Japanese contribution to the understanding of frontotemporal dementia and parkinsonism linked to chromosome 17(FTDP-17)

Yoshio Tsuboi, Zbigniew K. Wszolek, Yoshikuni Mizuno, Tomonori Kobayashi, Minoru Yasuda, Tatsuo Yamada

Research output: Contribution to journalReview articlepeer-review

2 Scopus citations

Abstract

Since the original description of frontotemporal dementia and parkinsonism linked to chromosome 17 (FTDP-17) during the Consensus Conference held in Ann Arbor, Michigan in 1996, it has become apparent that this syndrome has worldwide distribution. More than 70 families have been described in North America, Europe, Australia and Asia. The molecular genetic studies have identified 29 mutations outside and on exon 10 of tau gene. Here, we report the progress in clinical, genetic and pathological studies of FTDP-17 in Japan. There have been 15-separetely ascertained families described in Japan. These kindreds harbor following tau mutations: exon 10, exonic mutations, N 279 K, N 296 H, P 301 L and P 301 S; exon 10 5' splice-site mutations, S 305 N (-2), 4-11, and + 12; exon 1, R 5 H mutation; exon 9, L 266 V mutation; and exon 13, R 406 W mutation. The phenotype of FTDP-17 kindreds varies significantly between families with different mutations and among the families carrying the same mutation. This variability is also seen in Japanese kindreds. Exon 10, P 301 L, + 16 and N 279 K mutations are the most common but only P 301 L and N 279 K mutations have been described so far in Japan. On the other hand, R 5 H, N 296 H, + 11, and + 12 mutations have not been identified outside of Japan. Comparison of phenotypes of Japanese and non-Japanese families with P 301 S, P 301 L and R 406 W mutations uncovers significant differences in clinical presentations. It is difficult to compare pathology of Japanese and non-Japanese families on the basis of available medical literature but no apparent differences can be seen. Autopsies demonstrate the presence of neuronal and glial tau inclusions and ballooned neurons, frequently in the distribution seen in other sporadic tauopathies. A search for the common founder in Japanese families may be successfully performed. FTDP-17 families have been identified with increasing frequency in Japan. The discovery of tau mutations and the fact that they are responsible for the disease processes in the brain lead to the major advancement of our understanding of neurodegeneration. It is hoped that future studies of these families will also lead to finding the curative treatments for the tauopathies.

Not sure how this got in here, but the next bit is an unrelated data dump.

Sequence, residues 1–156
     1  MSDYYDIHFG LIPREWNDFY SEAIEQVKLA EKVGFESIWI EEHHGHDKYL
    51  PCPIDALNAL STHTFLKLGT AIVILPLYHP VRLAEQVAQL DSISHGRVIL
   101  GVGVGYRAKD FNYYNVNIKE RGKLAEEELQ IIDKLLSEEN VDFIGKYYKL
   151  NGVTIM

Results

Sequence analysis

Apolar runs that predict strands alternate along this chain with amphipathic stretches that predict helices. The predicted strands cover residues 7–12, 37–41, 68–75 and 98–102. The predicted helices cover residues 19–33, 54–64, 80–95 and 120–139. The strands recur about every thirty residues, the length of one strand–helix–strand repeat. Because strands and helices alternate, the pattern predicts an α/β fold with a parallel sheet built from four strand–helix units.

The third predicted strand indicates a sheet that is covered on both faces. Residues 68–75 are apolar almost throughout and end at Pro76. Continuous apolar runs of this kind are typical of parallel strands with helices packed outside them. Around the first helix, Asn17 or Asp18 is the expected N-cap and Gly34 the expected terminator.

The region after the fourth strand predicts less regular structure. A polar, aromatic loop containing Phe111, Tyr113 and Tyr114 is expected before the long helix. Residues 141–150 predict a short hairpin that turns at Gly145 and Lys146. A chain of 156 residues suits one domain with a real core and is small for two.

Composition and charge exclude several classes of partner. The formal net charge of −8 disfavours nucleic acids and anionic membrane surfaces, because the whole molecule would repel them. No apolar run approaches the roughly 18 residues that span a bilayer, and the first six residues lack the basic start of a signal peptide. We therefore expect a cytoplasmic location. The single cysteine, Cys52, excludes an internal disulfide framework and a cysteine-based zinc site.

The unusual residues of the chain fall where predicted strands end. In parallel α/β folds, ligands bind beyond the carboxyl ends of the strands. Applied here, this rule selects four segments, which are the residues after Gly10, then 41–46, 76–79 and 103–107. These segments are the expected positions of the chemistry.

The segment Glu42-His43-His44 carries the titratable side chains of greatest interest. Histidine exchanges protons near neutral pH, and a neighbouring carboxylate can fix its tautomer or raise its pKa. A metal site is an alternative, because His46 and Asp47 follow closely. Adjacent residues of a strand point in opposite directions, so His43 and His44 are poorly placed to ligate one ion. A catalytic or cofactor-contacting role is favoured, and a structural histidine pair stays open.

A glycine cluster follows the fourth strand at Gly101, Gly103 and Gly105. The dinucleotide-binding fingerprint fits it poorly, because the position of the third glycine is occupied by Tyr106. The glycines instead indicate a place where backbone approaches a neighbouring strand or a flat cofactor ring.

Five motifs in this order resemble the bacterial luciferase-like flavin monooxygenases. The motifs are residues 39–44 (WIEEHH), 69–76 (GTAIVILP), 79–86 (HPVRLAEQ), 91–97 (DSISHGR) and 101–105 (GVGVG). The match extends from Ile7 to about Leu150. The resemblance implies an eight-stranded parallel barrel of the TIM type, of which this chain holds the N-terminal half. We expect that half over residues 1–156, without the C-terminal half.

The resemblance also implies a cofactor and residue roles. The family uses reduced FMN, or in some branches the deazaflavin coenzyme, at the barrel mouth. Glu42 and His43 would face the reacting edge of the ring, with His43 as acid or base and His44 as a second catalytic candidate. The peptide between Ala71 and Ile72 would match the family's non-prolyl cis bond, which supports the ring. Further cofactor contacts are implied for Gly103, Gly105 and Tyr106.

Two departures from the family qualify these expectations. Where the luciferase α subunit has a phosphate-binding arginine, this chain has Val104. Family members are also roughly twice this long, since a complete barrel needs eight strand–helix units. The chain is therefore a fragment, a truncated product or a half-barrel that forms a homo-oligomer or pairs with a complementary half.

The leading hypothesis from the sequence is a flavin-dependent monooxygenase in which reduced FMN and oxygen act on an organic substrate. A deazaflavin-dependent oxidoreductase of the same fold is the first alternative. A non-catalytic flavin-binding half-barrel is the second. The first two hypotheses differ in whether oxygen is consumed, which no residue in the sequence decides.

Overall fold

Original languageEnglish (US)
Pages (from-to)107-119
Number of pages13
JournalBrain and Nerve
Volume55
Issue number2
StatePublished - Feb 1 2003

Keywords

  • Clinical phenotype
  • Founder effect
  • Frontotemporal dementia and parkinsonism linked to chromosome 17
  • Pathology
  • Tau mutation

ASJC Scopus subject areas

  • Neuroscience(all)

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